Knockout Entrepreneur: My Ten-Count Strategy for Winning at Business
Easy Read, Great Book
Do you bring the one, two punch to your business? Want to take things to the next level? George Foreman's Knockout Entrepreneur is a great read for any entrepreneur or anyone who wants to be an entrepreneur.
In George Foreman's In his book, "The Knockout Entrepreneur," George Foreman, perhaps known best for his boxing career and self-named grill, focuses on successful tactics for enhancing one's career, mixing practical advice with anecdotes from his own life and that of other famous people. At the end of each chapter, there's a questionnaire for applying the strategies discussed. Some of the tips included seeing what a product can be rather than what it is, avoiding listening to the crowd, maintaining close relationships with partners or associates, and be willing to break deals if they take away from the bigger picture. A lot of the advice included was broad, and George Foreman's opportunities certainly are nowhere near that of the average person, but nevertheless the read was entertaining and inspirational, occasionally coming across as Donald Trump-esq. Nevertheless, George is a sympathetic character and certainly wasn't born with the connections he now enjoys. Perhaps his most valuable advice is to stay open to whatever opportunities come your way--the more established you become, the more opportunities. After posing for various food related commercials, a company offered George to put his name on their grill and to split the profits. Although George was hesitant, he agreed if for no other reason than a free grill. It was his wife who noticed it's cooking potential. That's how the successful George Foreman grill franchise came about, and just one of his many entrepreneur experiences mentioned in the book. Overall, an interesting read with a good message.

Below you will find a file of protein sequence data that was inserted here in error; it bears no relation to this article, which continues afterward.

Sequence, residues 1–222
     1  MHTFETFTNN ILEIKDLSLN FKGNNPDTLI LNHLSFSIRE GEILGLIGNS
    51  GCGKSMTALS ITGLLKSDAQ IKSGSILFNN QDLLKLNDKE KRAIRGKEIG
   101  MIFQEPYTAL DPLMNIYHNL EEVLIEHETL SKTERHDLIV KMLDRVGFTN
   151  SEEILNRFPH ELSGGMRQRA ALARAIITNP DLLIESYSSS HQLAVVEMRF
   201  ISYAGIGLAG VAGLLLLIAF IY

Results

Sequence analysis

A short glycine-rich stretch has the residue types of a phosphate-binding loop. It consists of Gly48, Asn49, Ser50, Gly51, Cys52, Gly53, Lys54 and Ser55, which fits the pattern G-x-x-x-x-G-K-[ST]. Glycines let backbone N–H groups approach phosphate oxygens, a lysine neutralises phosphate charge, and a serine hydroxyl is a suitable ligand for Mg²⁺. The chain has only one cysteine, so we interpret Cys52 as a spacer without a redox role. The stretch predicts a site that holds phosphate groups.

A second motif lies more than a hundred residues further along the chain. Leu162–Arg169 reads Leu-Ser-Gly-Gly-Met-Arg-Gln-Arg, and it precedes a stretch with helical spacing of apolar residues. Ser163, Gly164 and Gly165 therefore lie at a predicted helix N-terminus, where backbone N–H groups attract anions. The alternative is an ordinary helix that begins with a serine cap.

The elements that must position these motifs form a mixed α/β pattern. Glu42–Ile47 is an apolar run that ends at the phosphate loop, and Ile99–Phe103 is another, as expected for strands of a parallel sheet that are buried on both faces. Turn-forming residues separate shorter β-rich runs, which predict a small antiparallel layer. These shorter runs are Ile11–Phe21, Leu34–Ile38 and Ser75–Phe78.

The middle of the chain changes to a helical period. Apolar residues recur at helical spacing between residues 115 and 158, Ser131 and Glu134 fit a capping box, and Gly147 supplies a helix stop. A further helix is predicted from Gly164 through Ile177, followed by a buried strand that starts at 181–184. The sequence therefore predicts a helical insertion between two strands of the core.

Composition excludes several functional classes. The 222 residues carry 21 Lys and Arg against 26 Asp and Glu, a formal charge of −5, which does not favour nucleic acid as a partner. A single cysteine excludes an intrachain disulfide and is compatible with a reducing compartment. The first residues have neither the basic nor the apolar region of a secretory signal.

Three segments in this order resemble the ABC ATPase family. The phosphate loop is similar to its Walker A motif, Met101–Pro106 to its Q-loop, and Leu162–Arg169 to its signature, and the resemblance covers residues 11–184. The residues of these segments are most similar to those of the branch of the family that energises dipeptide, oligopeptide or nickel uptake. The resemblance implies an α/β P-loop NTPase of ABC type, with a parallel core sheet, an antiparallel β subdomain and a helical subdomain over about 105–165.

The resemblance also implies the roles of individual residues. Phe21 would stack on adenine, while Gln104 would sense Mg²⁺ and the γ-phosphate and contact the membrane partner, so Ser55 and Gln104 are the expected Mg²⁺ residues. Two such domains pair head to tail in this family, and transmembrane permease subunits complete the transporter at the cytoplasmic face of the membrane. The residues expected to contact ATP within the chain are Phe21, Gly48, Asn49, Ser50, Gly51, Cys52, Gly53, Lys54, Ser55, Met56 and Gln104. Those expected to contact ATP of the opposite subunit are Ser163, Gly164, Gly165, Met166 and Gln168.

March 9, 2011
While encouragement is always refreshing, this book may rank a bit higher for those who have an interest in boxing as Foreman often refers to his own life and the lessons he has learned along the way. I found the material to be a bit more focused on Foreman's history than I had originally hoped when I got the book. Certainly we can all learn from the lives of others, but this didn't quite suit me personally. The book is one of Thomas Nelson's Nelson FREE books which means you are really buying 3 books in one- hard copy, ebook, and audio. This might not be a top rating book on my shelves, but the exposure to the Nelson FREE material is certainly incentive to pursue more of their books in that program.
September 24, 2010